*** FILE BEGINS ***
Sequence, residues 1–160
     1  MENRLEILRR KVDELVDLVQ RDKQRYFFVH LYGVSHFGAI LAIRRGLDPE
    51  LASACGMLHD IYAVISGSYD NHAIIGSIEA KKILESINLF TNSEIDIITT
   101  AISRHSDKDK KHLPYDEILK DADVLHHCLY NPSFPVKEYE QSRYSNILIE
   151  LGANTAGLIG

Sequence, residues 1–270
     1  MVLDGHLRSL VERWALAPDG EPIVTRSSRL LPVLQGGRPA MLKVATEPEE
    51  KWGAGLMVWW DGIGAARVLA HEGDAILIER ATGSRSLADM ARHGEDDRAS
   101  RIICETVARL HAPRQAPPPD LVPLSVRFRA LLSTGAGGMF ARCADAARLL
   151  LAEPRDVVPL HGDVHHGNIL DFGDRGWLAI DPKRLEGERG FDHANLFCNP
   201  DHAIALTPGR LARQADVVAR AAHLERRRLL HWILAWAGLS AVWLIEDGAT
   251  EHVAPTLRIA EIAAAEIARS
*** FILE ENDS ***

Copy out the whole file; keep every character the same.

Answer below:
Sequence, residues 1–160
     1  MENRLEILRR KVDELVDLVQ RDKQRYFFVH LYGVSHFGAI LAIRRGLDPE
    51  LASACGMLHD IYAVISGSYD NHAIIGSIEA KKILESINLF TNSEIDIITT
   101  AISRHSDKDK KHLPYDEILK DADVLHHCLY NPSFPVKEYE QSRYSNILIE
   151  LGANTAGLIG

Sequence, residues 1–270
     1  MVLDGHLRSL VERWALAPDG EPIVTRSSRL LPVLQGGRPA MLKVATEPEE
    51  KWGAGLMVWW DGIGAARVLA HEGDAILIER ATGSRSLADM ARHGEDDRAS
   101  RIICETVARL HAPRQAPPPD LVPLSVRFRA LLSTGAGGMF ARCADAARLL
   151  LAEPRDVVPL HGDVHHGNIL DFGDRGWLAI DPKRLEGERG FDHANLFCNP
   201  DHAIALTPGR LARQADVVAR AAHLERRRLL HWILAWAGLS AVWLIEDGAT
   251  EHVAPTLRIA EIAAAEIARS